Communication Skills, Conflict Tactics and Mental Health: A Study of Married and Cohabitating Couples in Malaysia  [cached]
Cai Lian Tam,Teck Heang Lee,Yie Chu Foo,Yet Mee Lim
Asian Social Science , 2011, DOI: 10.5539/ass.v7n6p79
Abstract: The main purpose of the study is to examine the interrelationships of communication skills, conflict tactics, and mental health of married and cohabitating couples in Malaysia. The study also investigated how an individual’s conflict tactics would affect spouse’s reaction. Participating in the study were 400 married or cohabitating couples from Selangor state of Malaysia. The research instruments used were General Health Questionnaire (GHQ), Conflict Tactics Scale (CTS), and Personal Report of Communication Apprehension (PRCA). The research findings reveal significant relationships between conflict tactics and mental health, conflict tactics and spouse’s communication response, conflict tactics and communication skills, and between communication skills and mental health. In summary, the study shows that couples with better communication skills and conflict tactics have better mental health.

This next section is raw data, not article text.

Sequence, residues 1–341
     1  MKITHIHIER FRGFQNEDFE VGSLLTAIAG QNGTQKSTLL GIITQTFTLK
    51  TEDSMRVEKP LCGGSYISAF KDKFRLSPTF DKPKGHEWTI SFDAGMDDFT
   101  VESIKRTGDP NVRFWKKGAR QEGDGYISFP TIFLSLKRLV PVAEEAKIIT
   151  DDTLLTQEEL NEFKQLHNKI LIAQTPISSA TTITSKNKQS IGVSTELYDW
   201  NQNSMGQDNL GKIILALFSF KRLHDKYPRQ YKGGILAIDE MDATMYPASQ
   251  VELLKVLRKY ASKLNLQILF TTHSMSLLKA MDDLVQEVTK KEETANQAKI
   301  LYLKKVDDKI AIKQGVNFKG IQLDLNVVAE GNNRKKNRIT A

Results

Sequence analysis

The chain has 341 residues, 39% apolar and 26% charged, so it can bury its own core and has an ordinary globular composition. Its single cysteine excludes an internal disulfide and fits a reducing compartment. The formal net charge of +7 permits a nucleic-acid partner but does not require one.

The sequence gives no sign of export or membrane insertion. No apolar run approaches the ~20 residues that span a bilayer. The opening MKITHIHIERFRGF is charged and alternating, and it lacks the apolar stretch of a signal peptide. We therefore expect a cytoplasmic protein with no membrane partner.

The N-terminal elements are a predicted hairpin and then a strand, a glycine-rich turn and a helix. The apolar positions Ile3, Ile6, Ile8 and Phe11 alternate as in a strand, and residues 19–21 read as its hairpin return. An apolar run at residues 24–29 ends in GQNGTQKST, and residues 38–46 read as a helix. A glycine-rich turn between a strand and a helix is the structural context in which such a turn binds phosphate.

Marital Happiness of Married Couples in the U.A.E Society: A Sample from Sharjah  [cached]
Husein Mohammad Al-Othman
Asian Social Science , 2012, DOI: 10.5539/ass.v8n4p217
Abstract: The goal of this study is to examine the marital happiness of married couples in Sharjah Emirate, UAE, and its determinants. To achieve these goals, data from Family Cohesion Survey (FCS) are used; a cluster sample (1136) was randomly drawn from all local families in the Emirate of Sharjah, U.A.E.; descriptive statistics (percentages, means, and standard deviations) and analytical statistics (multiple regression) are used to analyze the data set. The results of the regression analysis reveal that there are statistically significant relation between couple's communication, education, sex, residence, self-reported health, family size, and religiosity and marital happiness of married couples. However, the analysis result reveals that family income, working status, and age are silent predictors of marital happiness.